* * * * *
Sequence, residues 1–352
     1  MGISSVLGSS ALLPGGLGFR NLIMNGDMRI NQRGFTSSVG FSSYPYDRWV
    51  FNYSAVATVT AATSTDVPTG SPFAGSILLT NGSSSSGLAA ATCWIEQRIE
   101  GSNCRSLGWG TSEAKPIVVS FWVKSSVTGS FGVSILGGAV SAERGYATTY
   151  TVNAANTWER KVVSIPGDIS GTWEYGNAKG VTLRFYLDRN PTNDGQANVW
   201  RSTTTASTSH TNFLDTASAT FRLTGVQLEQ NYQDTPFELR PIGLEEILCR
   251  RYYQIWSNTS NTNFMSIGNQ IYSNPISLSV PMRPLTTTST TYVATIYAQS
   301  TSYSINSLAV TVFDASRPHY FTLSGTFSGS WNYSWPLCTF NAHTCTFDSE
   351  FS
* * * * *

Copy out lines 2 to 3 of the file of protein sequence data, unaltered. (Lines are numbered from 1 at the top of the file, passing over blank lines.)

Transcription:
     1  MGISSVLGSS ALLPGGLGFR NLIMNGDMRI NQRGFTSSVG FSSYPYDRWV
    51  FNYSAVATVT AATSTDVPTG SPFAGSILLT NGSSSSGLAA ATCWIEQRIE